The Black-and-tan and Tricolour should, he says, never exceed seven pounds for exhibition.

Idstone says that the pale lemon colour in Blenheim comes from in-breeding. He also says that the King Charles cross is indulged in too freely, getting rid of the spot, which is a point of the utmost importance.

He also thinks the breed comes through Spain from Japan. I can find no trace of this in pictures or literature. Velasquez depicted the Alicantes, not Blenheims.

Idstone says: "The main points of beauty are as follows: The high skull, the full, black, wet eye, the short nose, the large, broad, heavy, well-feathered ear; compact form, close to the ground; pure, brilliant, rich red and distinct white markings, especially the broad leaf down the forehead, the round spot on the skull, the white neck and mane; a texture like floss silk; legs all well coated at the back, and deeply feathered toes. They are restless in their habits, capital guardians, always vigilant, but snappish and capricious, showing a dislike to children, and want of discrimination between friend and foe. They resent any fancied slight or injury, and are not particularly forgiving.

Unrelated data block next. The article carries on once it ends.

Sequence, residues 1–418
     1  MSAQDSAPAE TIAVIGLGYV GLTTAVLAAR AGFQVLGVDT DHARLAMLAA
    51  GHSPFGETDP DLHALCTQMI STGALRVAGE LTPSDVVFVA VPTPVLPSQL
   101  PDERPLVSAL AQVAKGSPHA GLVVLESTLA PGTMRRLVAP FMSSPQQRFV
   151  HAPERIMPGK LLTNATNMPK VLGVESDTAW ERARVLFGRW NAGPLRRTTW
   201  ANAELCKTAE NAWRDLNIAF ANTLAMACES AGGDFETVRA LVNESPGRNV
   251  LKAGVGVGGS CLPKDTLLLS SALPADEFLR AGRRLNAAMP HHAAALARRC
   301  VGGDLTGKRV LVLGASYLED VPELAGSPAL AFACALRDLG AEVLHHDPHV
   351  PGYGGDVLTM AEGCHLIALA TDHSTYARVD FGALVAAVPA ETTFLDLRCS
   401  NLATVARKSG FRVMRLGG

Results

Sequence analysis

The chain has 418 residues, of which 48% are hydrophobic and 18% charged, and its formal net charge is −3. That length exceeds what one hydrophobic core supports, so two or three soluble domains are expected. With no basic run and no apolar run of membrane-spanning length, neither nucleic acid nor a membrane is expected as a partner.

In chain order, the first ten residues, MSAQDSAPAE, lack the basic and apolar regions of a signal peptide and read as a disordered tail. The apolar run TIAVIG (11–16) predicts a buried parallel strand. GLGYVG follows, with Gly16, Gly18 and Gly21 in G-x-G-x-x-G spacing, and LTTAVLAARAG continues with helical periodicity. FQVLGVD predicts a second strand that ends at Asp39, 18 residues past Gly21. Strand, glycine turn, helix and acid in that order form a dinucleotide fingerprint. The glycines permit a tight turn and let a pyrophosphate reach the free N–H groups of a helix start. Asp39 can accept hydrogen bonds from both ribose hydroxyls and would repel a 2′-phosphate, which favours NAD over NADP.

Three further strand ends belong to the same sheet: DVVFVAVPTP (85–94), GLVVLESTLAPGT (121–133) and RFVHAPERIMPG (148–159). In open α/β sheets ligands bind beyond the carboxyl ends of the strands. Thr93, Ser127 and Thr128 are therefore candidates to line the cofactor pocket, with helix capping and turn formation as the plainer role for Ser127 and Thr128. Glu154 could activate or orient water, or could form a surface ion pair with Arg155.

"The crossing with King Charles and Blenheim has so confused the two breeds that the three colours often appear in one litter.1

1 Only under certain unvarying conditions.